b.      Teams are prohibited from conducting offensive operations against any other team.

c.      Teams must compete without “outside assistance” from non-team members which includes team advisors and sponsors.  All private communications (calls, emails, chat, directed emails, forum postings, conversations, requests for assistance, etc) with non-team members including team sponsors that would help the team gain an unfair advantage are not allowed and are grounds for disqualification.

d.      Teams are allowed to use active response mechanisms such as TCP resets when responding to suspicious/malicious activity.  Any active mechanisms that interfere with the functionality of the scoring engine or manual scoring checks are exclusively the responsibility of the teams.  Any firewall rule, IDS, IPS, or defensive action that interferes with the functionality of the scoring engine or manual scoring checks are exclusively the responsibility of the teams.

e.      Team members must conduct themselves in a professional manner at all times.  Sexual harassment, inappropriate language, and inappropriate conduct can result in the disqualification of team members.  Competitors disqualified for harassment or inappropriate conduct will be banned from future competitions for a period of no less than 12 months.

f.       Teams may not use any Internet access not specifically provided by the competition.  This includes wireless, tethered wireless, hot spots, and so on.

g.      Teams may not use any cell phone, smart phone, or tablet device inside the competition area.  If a team member must place or receive a call or text they must leave the competition area.

h.      The use of viruses, worms, or any other self-propagating malware is prohibited and grounds for disqualification.

i.        Teams may not use network flooding or ARP spoofing attacks during the competition.

7.     Scoring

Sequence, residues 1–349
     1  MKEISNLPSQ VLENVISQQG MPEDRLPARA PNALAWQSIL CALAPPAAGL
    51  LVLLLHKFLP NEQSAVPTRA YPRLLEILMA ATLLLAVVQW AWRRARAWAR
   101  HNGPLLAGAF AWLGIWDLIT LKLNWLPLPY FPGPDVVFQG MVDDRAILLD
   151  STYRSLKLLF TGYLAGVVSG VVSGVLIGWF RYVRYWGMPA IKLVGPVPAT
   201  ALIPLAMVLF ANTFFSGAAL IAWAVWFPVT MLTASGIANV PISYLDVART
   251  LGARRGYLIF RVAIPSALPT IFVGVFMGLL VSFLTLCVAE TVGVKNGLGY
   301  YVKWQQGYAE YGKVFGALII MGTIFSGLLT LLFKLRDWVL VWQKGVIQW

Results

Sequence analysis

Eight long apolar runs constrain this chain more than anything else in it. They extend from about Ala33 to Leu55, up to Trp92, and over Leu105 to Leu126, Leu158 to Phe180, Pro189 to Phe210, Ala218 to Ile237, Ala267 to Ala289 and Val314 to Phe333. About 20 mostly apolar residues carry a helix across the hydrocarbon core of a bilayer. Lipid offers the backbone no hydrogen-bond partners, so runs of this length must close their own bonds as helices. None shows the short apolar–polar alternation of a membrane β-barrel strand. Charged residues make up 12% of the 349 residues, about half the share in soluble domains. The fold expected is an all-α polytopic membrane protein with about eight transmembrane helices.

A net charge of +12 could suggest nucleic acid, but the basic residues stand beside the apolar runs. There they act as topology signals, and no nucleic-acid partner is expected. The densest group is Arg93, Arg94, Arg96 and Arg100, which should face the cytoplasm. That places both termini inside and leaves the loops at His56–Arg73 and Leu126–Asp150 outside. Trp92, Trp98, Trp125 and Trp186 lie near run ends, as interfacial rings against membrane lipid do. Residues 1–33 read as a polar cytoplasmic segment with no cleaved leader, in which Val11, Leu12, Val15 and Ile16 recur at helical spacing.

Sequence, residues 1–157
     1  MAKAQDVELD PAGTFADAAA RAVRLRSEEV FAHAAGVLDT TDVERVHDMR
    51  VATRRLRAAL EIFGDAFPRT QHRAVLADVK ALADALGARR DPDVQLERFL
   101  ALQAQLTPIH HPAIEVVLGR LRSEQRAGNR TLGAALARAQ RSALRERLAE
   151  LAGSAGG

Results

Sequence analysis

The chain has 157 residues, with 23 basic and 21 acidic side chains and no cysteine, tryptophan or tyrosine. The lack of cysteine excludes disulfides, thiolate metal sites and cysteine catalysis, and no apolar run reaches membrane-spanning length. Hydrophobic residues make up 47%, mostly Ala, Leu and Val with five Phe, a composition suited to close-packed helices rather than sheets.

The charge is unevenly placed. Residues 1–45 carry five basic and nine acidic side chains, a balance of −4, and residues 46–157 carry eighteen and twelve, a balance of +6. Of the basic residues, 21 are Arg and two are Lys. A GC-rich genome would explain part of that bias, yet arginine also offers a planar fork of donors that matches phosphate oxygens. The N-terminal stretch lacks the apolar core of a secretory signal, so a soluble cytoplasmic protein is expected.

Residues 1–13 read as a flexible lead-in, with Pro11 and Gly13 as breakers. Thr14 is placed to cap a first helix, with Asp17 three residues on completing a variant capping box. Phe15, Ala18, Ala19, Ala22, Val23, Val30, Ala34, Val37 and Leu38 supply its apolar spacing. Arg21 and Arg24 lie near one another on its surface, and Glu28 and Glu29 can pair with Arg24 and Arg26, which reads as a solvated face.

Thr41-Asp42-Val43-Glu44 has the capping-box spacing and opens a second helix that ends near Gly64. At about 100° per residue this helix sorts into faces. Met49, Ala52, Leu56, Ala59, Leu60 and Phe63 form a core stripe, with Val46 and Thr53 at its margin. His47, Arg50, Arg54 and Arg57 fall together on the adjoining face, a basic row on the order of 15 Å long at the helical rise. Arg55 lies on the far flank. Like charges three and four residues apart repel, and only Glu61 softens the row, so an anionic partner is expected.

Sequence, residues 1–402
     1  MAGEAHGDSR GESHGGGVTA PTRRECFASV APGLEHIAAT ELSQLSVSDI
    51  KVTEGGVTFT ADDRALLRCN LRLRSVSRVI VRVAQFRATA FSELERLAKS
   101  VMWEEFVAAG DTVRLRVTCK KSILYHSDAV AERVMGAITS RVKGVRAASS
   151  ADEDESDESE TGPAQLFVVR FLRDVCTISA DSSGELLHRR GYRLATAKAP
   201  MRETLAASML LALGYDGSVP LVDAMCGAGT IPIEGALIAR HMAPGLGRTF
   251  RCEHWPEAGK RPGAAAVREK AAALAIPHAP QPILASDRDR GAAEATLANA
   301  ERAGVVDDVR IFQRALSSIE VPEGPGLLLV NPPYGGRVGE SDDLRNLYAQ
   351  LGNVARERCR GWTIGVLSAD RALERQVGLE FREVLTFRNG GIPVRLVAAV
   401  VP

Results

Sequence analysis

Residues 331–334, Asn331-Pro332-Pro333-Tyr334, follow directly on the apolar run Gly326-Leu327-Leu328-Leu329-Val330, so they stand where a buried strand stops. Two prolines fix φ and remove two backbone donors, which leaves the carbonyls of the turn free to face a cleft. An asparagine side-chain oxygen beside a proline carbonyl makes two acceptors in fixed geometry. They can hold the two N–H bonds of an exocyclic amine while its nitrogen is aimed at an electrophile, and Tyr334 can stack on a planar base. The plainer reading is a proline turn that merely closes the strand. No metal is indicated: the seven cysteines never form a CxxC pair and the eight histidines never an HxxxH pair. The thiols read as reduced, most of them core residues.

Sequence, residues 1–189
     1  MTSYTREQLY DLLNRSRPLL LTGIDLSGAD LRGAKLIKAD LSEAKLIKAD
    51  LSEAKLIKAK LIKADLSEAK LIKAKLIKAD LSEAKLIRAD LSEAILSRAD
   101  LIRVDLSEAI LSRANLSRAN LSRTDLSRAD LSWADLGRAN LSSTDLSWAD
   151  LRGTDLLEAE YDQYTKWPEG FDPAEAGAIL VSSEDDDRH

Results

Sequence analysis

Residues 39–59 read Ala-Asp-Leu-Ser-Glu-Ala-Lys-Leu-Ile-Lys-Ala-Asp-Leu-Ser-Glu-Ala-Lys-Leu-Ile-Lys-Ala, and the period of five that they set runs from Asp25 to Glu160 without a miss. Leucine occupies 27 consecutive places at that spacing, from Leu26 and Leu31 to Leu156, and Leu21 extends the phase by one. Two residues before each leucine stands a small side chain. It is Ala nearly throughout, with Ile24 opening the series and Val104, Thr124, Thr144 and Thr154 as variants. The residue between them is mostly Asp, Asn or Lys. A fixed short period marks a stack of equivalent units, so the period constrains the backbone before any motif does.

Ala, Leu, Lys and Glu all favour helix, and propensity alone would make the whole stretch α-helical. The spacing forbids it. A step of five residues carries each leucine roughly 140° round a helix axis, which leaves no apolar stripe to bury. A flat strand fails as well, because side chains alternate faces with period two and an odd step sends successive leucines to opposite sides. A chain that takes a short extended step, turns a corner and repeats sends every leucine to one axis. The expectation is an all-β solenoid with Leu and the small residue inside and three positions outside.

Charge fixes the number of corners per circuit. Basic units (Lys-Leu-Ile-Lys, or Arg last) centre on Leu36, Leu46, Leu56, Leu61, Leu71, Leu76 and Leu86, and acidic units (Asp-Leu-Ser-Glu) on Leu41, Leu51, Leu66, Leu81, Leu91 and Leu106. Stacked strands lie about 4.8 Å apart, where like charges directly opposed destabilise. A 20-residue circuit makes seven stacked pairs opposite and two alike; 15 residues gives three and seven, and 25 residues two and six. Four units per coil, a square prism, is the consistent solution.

a.      Teams will receive points for each successful check on a service they own at the time the scoring check is run.

b.      Each service has an associated service level agreement.  When a service is in violation of the service level agreement, the entire system that service resides on will be reset to the starting configuration.  For example, if the SLA is 15 minutes and a service is scored as “down” for 15 consecutive minutes, the system that service resides on will be reset to its original configuration.  Service level agreements will be published at the start of each competition.

c.       All identified critical services must be accessible to “the public” at all times.  Failure to maintain public access to critical services will result in the system being reset to its starting configuration.

8.     Password Changes

a.       The scoring engine does utilize the user level accounts for some services.  Teams wanting to change the passwords on user level accounts (not root or administrator) may do so, but must supply the password changes to the judges in a text file.  The file must be formatted with “userid,password” with one account per line.  Example:

Bob,abc123

Sally,rflkj2

 

Gameplay

At the start of the event there will be a number of virtual machines running as targets for your team and other teams to probe and break into.  These are the “resources” you need to control.  Everyone will be trying to break into and control the same set of targets.  The services and operating system on each target varies so it could be a Windows 2003 server running DNS or a Solaris server running Apache and SSH.  Each target will have one or more critical services on it – these are the services that you need to keep operational when you take over a target.  The IP address and critical service(s) on that IP will be published so you won’t have to guess what they are.  Your first challenge will be to break into a target and get user/root/administrator level access.  At the start of the event there will be a number of targets running and we’ll make more targets available at intervals throughout the competition (every 15 minute or so).